Over 280,000 Muslims said to visit Al-Aqsa Monday for key Ramadan night

Worshipers celebrate Laylat Al Qadr at Old City compound; event passes without police intervention, though Hamas terror group flags were reportedly unfurled by some visitors

Palestinian Muslim worshipers pray during Laylat Al Qadr, also known as the Night of Destiny, in front of the Dome of the Rock, in the Temple Mount compound in Jerusalem's Old City, April 17, 2023. (Mahmoud Illean/AP)
Palestinian Muslim worshipers pray during Laylat Al Qadr, also known as the Night of Destiny, in front of the Dome of the Rock, in the Temple Mount compound in Jerusalem's Old City, April 17, 2023. (Mahmoud Illean/AP)

Over a quarter of a million Muslims visited the Temple Mount in the Old City of Jerusalem on Monday night to mark a key date in the Ramadan holy month, officials at the site said.

After last month saw violent clashes between Palestinians and Israeli police officers at the flashpoint holy site, the latest event passed without incident.

According to the Islamic Waqf, which administers the site, some 280,000 people in total entered the Temple Mount compound for prayers during Laylat Al Qadr, also known as the Night of Destiny. Police said that the crowds peaked at 130,000 inside the compound at any one time.

The Haaretz daily reported that some of those who arrived unfurled Palestinian national flags and flags of the Hamas terror group and chanted nationalist slogans. Police did not intervene and prayers passed without violence or arrests.

Tens of thousands of West Bank Palestinians were granted special permits to enter Israel so that they could attend the prayers.

Laylat Al Qadr is marked on the 27th day of the holy fasting month of Ramadan and is commemorated as the night the Prophet Muhammad received the first revelation of the Quran. Muslims traditionally spend the night in prayer and devotion.

The large crowds topped Friday’s figures, when 250,000 were estimated to have entered the Temple Mount.

Friday’s prayers also passed largely without incident, though police said they detained eight Palestinians for chants inciting violence and waving flags belonging to terror groups.

Over one million Muslims visited the Temple Mount — known to them as the Noble Sanctuary — throughout the entire holy month of Ramadan.

Tens of thousands Muslim worshippers pray near the Dome of the Rock in the Temple Mount compound in the Old City of Jerusalem on April 17, 2023. (HAZEM BADER / AFP)

The security situation has been fraught in recent weeks. Several terror attacks have taken place in the West Bank, including one in which an Israeli mother and her two daughters were killed while driving in the Jordan Valley.

Tensions in and around Jerusalem’s Old City have been high, in particular during the overlap of the Passover and Ramadan holidays and amid repeated clashes between security forces and worshipers atop the Temple Mount. Passover ended in Israel last Wednesday.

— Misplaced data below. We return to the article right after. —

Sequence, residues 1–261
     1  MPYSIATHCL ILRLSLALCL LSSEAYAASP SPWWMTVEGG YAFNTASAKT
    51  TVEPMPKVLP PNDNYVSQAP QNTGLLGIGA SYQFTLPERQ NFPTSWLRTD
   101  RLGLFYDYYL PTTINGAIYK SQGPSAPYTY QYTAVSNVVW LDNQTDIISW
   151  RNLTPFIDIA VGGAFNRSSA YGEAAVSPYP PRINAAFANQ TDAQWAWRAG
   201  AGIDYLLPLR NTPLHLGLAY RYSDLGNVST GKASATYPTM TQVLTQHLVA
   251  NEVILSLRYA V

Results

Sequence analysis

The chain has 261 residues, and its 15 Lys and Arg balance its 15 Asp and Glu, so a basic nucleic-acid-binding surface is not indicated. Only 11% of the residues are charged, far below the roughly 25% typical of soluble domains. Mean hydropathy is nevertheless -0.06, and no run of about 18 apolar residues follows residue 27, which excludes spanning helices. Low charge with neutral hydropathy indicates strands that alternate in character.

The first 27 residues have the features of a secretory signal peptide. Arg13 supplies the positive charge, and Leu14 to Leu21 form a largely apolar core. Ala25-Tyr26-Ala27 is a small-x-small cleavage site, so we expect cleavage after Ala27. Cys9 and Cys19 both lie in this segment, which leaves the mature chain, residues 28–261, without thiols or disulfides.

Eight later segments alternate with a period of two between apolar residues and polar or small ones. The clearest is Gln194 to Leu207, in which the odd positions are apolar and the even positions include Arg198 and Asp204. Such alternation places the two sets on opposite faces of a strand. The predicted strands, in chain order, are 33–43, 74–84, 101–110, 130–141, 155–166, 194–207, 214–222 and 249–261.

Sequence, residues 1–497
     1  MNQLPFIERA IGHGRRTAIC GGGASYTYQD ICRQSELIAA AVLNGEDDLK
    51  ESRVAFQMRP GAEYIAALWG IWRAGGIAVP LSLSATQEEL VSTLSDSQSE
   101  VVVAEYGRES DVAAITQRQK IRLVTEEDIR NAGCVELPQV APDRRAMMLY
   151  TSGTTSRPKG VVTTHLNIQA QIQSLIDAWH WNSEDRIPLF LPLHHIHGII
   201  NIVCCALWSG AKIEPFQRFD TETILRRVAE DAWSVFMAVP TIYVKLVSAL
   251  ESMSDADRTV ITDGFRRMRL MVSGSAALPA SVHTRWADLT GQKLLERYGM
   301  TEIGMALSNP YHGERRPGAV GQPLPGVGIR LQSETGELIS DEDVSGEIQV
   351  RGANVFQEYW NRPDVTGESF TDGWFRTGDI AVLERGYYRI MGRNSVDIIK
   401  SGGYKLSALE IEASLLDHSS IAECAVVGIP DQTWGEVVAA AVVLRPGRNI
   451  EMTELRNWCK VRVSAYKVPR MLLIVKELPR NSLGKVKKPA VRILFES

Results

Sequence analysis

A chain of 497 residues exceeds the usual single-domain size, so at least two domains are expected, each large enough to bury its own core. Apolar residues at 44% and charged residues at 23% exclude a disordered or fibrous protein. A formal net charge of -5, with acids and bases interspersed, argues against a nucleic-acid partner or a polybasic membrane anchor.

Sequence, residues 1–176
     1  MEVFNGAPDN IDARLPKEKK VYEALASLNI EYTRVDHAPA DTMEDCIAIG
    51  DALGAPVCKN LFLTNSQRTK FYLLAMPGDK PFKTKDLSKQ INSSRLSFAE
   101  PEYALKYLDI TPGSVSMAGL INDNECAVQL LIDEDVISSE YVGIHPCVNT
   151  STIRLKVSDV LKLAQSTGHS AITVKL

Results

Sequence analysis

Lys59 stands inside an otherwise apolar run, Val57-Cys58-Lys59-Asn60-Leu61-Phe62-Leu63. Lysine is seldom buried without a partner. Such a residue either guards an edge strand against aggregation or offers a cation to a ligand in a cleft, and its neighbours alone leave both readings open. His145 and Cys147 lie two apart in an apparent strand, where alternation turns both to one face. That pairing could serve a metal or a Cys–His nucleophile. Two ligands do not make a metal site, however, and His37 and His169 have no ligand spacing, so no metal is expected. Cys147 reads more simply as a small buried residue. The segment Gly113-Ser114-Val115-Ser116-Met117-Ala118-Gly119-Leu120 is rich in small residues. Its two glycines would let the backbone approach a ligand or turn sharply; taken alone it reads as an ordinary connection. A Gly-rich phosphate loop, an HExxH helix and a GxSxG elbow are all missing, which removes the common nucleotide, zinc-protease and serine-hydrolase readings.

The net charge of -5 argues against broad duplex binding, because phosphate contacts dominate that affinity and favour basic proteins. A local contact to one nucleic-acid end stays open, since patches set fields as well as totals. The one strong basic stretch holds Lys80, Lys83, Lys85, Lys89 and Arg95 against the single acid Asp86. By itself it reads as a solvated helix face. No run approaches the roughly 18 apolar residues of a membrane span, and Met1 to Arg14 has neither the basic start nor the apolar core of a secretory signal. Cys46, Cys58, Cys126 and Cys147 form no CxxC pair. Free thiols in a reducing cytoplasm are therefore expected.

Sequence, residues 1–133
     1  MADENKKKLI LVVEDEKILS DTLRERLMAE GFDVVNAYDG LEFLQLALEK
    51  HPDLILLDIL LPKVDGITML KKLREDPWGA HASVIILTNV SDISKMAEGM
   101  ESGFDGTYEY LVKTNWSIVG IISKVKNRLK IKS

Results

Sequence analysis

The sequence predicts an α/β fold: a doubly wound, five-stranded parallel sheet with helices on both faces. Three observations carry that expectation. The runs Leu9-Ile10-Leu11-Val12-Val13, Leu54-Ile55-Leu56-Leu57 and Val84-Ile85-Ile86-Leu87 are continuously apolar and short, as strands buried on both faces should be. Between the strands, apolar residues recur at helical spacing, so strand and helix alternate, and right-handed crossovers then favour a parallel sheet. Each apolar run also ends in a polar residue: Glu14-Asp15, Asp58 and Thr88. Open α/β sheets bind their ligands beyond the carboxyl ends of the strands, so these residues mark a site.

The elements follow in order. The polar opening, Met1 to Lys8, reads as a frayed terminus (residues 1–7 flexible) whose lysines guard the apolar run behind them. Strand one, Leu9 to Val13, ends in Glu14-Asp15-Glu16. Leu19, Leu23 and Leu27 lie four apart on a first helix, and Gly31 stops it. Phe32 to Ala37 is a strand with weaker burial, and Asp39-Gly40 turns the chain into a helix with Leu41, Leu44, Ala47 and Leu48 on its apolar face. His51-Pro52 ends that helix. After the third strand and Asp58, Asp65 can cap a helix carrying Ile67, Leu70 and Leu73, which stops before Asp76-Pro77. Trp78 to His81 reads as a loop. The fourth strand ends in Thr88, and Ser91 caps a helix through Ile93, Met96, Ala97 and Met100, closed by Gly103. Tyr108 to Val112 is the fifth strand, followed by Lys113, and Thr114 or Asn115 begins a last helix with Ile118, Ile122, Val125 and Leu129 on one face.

On April 4, police said that several hundred Palestinians barricaded themselves inside the mosque with explosive devices, rocks and fireworks in order to target Israeli civilians and security forces.

Israel says police were left with no choice but to enter the mosque in order to overpower the rioters but several people inside captured footage of officers beating and apprehending Palestinians, which went viral on social media and sparked massive uproar around the globe. Hamas responded by firing several barrages of rockets at Israel from both Lebanon and Gaza, leading to Israeli retaliatory airstrikes.

Prime Minister Benjamin Netanyahu’s office announced last week that Jews and other non-Muslims would be barred from visiting the Temple Mount during the last 10 days of Ramadan, in an effort to head off violence.

Recent years have seen a massive uptick in Jewish visitors to the site along with a quiet but well-documented shift in police policy to allow hushed Jewish prayer.

The developments have intensified long-held claims by Palestinians and Arab countries that Israel is violating the Temple Mount status quo — an accusation Israel vehemently denies.

While the decision to bar Jewish visitors was in line with longstanding Israeli policy aimed at limiting friction during the holiday period, there had been speculation that the new hardline government would change course, with far-right National Security Minister Itamar Ben Gvir pushing to allow Jews to continue ascending the Temple Mount through the end of Ramadan.

The Temple Mount, known to Muslims as the Haram al-Sharif or Noble Sanctuary, is the holiest place for Jews as the site of the two ancient Jewish temples, and Al-Aqsa is the third-holiest shrine in Islam.

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